Fire-safety testing paves the way for timber towers

In the wake of extensive research into fire safety, a new kind of building will soon rise in the United States: the wooden tower.

Tall wood

Although tall wood buildings in countries like Norway and Austria have made headlines around the world, mass timber, as this type of construction is known, has yet to make significant inroads here. Wood dominates low-rise residential construction in the US, but is absent in buildings more than five stories tall.

Many designers, timber industry representatives, and government officials are pushing for that to change. Their motivations vary. Mass timber offers incredible aesthetic benefits and could create new jobs in rural areas. It also holds tremendous potential to mitigate climate change. Carbon-heavy steel and concrete production accounts for almost 5% of the world’s greenhouse gas emissions. Mass timber products require no fossil fuels to produce — trees grow with solar energy alone — and can be replenished through sustainable logging and tree farms. As an added bonus, it can sequester carbon held in trees, preventing it from seeping into the atmosphere when they decay.

Removing barriers

In 2014, the United States Department of Agriculture and timber industry partners, enthusiastic about the combination of new jobs and reduced greenhouse gas emissions, launched the U.S. Tall Wood Building Prize Competition. The contest offered $3 million to teams of designers and developers who pledged to build a mass timber tower at least 80 feet high.

The government carefully structured the competition to address the primary barrier to this typology in the US: code compliance. Design teams opting to use steel or concrete can find ample documentation of safety standards in national and local building codes. When it comes to tall buildings aiming to take advantage of mass timber, however, the codes have little to say.

Mass timber structure in construction

Mass timber structure in construction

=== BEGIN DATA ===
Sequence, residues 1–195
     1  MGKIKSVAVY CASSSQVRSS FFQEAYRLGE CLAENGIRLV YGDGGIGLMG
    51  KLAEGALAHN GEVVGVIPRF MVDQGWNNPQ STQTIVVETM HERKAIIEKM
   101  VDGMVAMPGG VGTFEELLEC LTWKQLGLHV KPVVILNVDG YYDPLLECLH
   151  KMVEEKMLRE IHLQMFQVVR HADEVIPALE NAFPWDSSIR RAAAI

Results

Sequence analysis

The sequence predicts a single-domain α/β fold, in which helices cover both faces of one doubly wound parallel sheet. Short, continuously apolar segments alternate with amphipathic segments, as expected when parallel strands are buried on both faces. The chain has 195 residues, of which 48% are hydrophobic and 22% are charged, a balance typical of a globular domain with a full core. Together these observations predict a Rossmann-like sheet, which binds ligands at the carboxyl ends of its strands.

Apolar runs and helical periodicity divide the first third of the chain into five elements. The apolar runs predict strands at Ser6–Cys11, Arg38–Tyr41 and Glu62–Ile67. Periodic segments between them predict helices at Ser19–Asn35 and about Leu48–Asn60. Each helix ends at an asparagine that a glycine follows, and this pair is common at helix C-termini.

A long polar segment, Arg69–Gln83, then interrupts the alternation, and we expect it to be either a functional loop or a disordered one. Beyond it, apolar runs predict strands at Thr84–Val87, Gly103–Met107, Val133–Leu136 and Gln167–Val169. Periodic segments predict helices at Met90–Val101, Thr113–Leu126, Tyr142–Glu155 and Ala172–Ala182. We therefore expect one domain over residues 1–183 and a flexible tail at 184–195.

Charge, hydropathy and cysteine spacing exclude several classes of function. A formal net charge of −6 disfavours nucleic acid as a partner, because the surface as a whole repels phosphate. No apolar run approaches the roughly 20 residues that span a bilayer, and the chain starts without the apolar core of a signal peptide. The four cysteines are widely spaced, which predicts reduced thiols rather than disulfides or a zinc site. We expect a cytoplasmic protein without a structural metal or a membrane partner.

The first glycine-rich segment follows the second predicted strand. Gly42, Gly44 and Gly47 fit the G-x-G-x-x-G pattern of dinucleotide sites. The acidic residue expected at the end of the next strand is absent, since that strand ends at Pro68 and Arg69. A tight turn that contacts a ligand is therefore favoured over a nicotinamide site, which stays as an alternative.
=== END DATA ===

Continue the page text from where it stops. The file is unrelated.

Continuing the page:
As a result, developers have to undertake the research needed to demonstrate acceptable levels of safety themselves, which can prove extremely expensive. The Tall Wood competition aimed to offset those costs, encouraging developers to try their hands at the typology.

Last September, Agriculture Secretary Tom Vilsack announced the winners: a 12-story mixed-use building in downtown Portland, Oregon, and a 10-story residential building in New York’s Chelsea neighborhood. Arup is working on both, applying the knowledge gained from the independent tests of cross-laminated timber (CLT) systems it has performed over the past decade.

Rendering of Framework building

Rendering of Portland’s tall timber Framework building

The rise of CLT

CLT is made by gluing multiple two-by-six-inch wood beams together, then placing the resulting slab on top of an identical one oriented in the opposite direction. The process is then repeated until the desired depth is reached.

CLT panels

CLT panels

The resulting board, which some call “plywood on steroids,” is strong enough to be used for floors and walls. It completes the array of tools needed to build large structures completely out of wood, from façade to core.

“The Smile,” a CLT installation created for the London Design Festival

“The Smile,” a CLT installation created for the London Design Festival

The Tall Wood competition was explicit about its goal of jump-starting the technology in the US. “This competitive prize,” read the 2014 announcement kicking off the contest, “will showcase the architectural and commercial viability of advanced wood products like CLT in tall buildings.”